Employee Rights – Sexual Harassment
Sexual harassment is not only against the law, it can be debilitating. If you believe you have been subjected to sexual harassment in the workplace, such a claim, please take the time to fill out our Potential New Client Information and Fact Sheet or Call Us Today.
To assist you in determining whether you have been a victim of sexual harassment, the following information is provided as a guide. If after reading the below, you feel you may have a valid claim for sexual harassment, do not hesitate to call our office. We understand that when a person feels that they have been sexually harassed at work, they need and deserve a comfortable, private atmosphere to discuss their experience. You can be assured that Adams Law takes sexual harassment claims very seriously and we give you our word that we will handle your telephone call or conference with the respect and dignity it deserves.
Under state law and its regulations, “sexual harassment” is defined as unwanted or unwelcome sexual advances, requests for sexual favors, or visual, verbal, or physical conduct of a sexual nature if: (1) submission to such conduct is made a term or condition of employment; or (2) submission to or rejection of such conduct is used as a basis for employment decisions affecting the individual; or (3) such conduct has the purpose or effect of unreasonably interfering with an employee’s work performance or creating an intimidating, hostile, or offensive working environment.
Sexual harassment includes many forms of offensive behavior and also includes harassment by a person of the same sex. Under California law, illegal sexual harassment or gender harassment may include, but is not limited to, the following:
- Unwanted sexual advances;
- Offering employment benefits in exchange for sexual favors;
- Making or threatening reprisals after a negative response to sexual advances;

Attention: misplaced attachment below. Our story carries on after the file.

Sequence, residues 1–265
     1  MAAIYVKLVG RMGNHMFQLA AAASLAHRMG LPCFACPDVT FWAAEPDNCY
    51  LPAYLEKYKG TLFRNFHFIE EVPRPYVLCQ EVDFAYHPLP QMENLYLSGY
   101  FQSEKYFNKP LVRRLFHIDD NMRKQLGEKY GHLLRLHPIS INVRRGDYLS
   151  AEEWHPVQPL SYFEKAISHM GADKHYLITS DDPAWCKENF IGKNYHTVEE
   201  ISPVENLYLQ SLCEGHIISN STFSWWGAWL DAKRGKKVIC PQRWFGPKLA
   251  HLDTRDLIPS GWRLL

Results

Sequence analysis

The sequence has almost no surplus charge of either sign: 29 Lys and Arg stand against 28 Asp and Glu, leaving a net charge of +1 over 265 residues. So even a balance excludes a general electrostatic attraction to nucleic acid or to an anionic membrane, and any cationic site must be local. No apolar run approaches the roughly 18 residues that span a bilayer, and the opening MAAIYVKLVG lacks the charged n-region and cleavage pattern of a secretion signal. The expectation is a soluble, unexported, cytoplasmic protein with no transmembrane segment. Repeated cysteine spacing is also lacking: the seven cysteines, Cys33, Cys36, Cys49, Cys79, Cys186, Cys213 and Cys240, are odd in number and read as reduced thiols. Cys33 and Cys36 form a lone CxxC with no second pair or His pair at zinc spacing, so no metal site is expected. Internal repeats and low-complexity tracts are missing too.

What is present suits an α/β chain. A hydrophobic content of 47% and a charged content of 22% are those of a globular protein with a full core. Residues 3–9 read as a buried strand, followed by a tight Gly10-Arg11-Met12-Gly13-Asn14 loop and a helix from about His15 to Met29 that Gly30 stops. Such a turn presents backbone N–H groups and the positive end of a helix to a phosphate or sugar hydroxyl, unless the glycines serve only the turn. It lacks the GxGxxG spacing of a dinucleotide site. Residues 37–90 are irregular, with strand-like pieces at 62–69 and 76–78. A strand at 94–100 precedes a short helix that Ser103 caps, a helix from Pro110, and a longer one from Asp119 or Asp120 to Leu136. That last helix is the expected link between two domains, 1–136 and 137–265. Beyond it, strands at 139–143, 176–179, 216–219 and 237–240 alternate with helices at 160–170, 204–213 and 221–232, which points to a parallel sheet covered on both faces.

- Visual conduct, e.g., leering, making sexual gestures, displaying of sexually suggestive objects or pictures, cartoons or posters;
- Verbal conduct, e.g., making or using derogatory comments, epithets, slurs and jokes;
- Verbal sexual advances or propositions;
- Verbal abuse of a sexual nature, graphic verbal commentaries about an individual’s body, sexually degrading words used to describe an individual, suggestive or obscene letters, notes or invitations;
- Harassment based on a person’s gender, such as targeting a person for offensive or hostile treatment because she is a woman; and
- Physical conduct, such as touching, assaulting, and impeding or blocking free movement.
Sexual harassment is prohibited by both federal and state law — Title VII of the Civil Rights Act of 1964 and California’s Fair Employment and Housing Act. In 2004, California passed mandatory training laws that require all employers with fifty (50) or more employees to provide all supervisory employees with a minimum of two hours of sexual harassment training every two years, within six months of starting a supervisory position. Unfortunately, despite that legal mandate, employees are still being subjected to unlawful and sexually harassing conduct. The effects of being subjected to such conduct can be severe. No one should be subjected to such harassment.